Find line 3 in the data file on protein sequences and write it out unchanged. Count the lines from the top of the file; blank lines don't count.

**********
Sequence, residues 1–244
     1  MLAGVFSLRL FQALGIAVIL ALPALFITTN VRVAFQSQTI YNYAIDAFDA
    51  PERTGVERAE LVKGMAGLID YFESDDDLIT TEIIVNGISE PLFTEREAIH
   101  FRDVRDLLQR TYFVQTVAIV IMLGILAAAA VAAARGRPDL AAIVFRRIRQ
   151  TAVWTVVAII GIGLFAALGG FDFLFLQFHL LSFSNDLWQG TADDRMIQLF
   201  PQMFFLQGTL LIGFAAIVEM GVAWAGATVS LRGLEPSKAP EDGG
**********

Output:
    51  PERTGVERAE LVKGMAGLID YFESDDDLIT TEIIVNGISE PLFTEREAIH